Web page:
“A U.S. government raid of WellCare’s Tampa, Florida, headquarters on Oct. 24 yielded thousands of records, including papers pulled from a shredder bin and files on offshore bank accounts, according to court filings. McDonald said the filings suggest the probe is focused on Florida’s Medicaid program for the poor.

“’It’s possible that the Florida Medicaid investigation spreads into other areas, but the document seems to rule out widespread, systemic fraud,’ the analyst said in a note to clients today.”

Bloomberg also reveals that: “The agents seized records from the desks of Chief Executive Officer Todd Farha and Chief Financial Officer Paul Behrens, according to the court records. From Behrens’ desk, agents grabbed a document called the ‘Stairway to Heaven Plan,’ according to the inventory.

“Also taken were wire transfers, tax returns, bank accounts in the Grand Cayman Islands, a calendar of political visitors and contributions, and phone lists. One seized document was labeled ‘Re: Possible Kickback,’ according to the court records”.

Yet none of this seems to bother the analyst who upgraded the stock or the many investors who followed his upgrade–pushing the share price up 6.8 percent this morning.  The analyst predicts that “that WellCare [will] settle, pay a fine, but remain in all its businesses, rather than being put out of business.”

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Herzlinger’s Meme on Switzerland and Consumer Driven Medicine

In today’s Wall Street Journal, Harvard Business School professor Regina Herzlinger offers an upside-down account of what’s right and what’s wrong with Switzerland’s health care system.  A leading advocate of “consumer driven” health care, Herzlinger assumes that because the Swiss pay for so much of their care out of their own pockets, consumer choice drives their system. 

But the truth is that Swiss patients have relatively little say over either the cost or the quality of the care they receive. Prices are regulated by the government, which also tries to make sure that consumers are getting value for their health care dollars by selecting which drugs, devices and tests insurance will cover. In fact, it is the very visible hand of a smart, largely efficient government that accounts for Switzerland’s relative success.

Before explaining how Herzlinger gets so much so wrong, let’s look at what she gets right. “The Swiss have achieved universal coverage,” Herzlinger points out “at a far lower cost than the U.S.”  In 2003 Switzerland spent 12 percent of GDP on health care while we laid out “a staggering 15 percent of GDP” while leaving roughly 14 percent of our population uncovered. Switzerland also has “far better health outcomes than the U.S., even when Switzerland is compared to socio-demographically similar U.S. states such as Connecticut and Massachusetts,” Herzlinger acknowledges. Moreover, while U.S. insurers in most states can shun sick customers, either by refusing to cover them—or by charging them astronomical premiums—in Switzerland you are not penalized for having cancer. The sick “can afford health insurance and pay the same price” as everyone else.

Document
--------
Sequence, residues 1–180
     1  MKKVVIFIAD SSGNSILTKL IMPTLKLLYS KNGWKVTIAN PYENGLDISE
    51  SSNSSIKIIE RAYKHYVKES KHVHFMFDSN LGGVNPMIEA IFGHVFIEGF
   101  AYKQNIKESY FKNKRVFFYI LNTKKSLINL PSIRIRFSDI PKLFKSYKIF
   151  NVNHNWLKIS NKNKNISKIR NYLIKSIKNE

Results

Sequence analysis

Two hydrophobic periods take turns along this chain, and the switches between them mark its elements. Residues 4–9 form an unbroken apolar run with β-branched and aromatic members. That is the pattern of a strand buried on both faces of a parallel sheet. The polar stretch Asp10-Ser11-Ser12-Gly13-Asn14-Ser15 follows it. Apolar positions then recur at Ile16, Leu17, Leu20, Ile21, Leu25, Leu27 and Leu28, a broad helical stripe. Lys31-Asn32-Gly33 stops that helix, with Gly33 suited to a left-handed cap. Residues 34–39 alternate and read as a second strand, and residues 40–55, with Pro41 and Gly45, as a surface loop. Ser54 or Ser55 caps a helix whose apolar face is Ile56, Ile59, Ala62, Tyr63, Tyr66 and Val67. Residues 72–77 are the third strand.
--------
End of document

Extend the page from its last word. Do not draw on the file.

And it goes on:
Finally, while the cost of care continues to snowball in both countries, the Swiss seem to have a better handle on health care inflation. From 1996 to 2003 health care spending in Switzerland rose by an average of 2.8 percent a year, Herzlinger says, versus 4.1 percent in the U.S.  Meanwhile “Switzerland boasts substantially more in the way of health-care resources and . . . tops the world in most measures of user satisfaction.”

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Does the U.S. Have Too Many Doctors?

On the Buckeye Surgeon blog, a general surgeon from Cleveland, Ohio, questions what he calls “the almost dogmatic assumption that the United States is facing a physician shortage is the coming years…We’re always reading that we need to train more doctors, that with the aging population there won’t be enough physicians to satisfy demand. But then I was waiting for the elevator the other day, reading the names of all the doctors on the peg board who practice at one of my hospitals. The board is 4×4 feet and just crammed with names, names, names. It’s unbelievable how many doctors there are.”

“There’s two large GI groups,” Buckeye Surgeon continues. “There’s three general surgery groups. There’s three separate pulmonary groups. The ID group has 7 doctors. (Don’t get me started on ID again). And on and on. What we have isn’t a physician shortage, but rather a physician overabundance. And I don’t think it’s too different at most suburban hospitals across the country. The scenario isn’t one of overworked doctors struggling to keep up with the demands of patients waiting in line for care. Rather, it’s a hyper-competitive world of doctors in the same specialty fighting over a limited supply of patients.”  (Thanks to Kevin, M.D. for calling my attention to Buck Eye’s post.)

Buck Eye Surgeon is offering an anecdotal view of physician supply, but rational research backs up his claim. When the Council on Graduate Medical Education (COGME) warns that we need to train more physicians to meet the demands of aging baby boomers, the Council assumes that the current national physician-to-population ratio is optimal.  Those who call for more physicians “never examine the relationship between physician supply and the health of patients and population” notes Dartmouth’s Dr. David Goodman in a 2005 Health Affairs article, “The Physician Workforce Crisis: Where Is the Evidence?” (For more about Dr. Goodman, his background and his evidence, see "David
Goodman, M.D.: Counting All Doctors" in Dartmouth Medicine )

Take a look at the evidence, and it’s clear that the conventional
wisdom is wrong. As I’ve discussed in the past, in areas of the country
that boast more specialists, patient outcomes are worse—even after
adjusting for differences in age, race and the overall health of the
population. (I have written about this for both Health Beat and Dartmouth)
A greater supply of primary care physicians, on the other hand, leads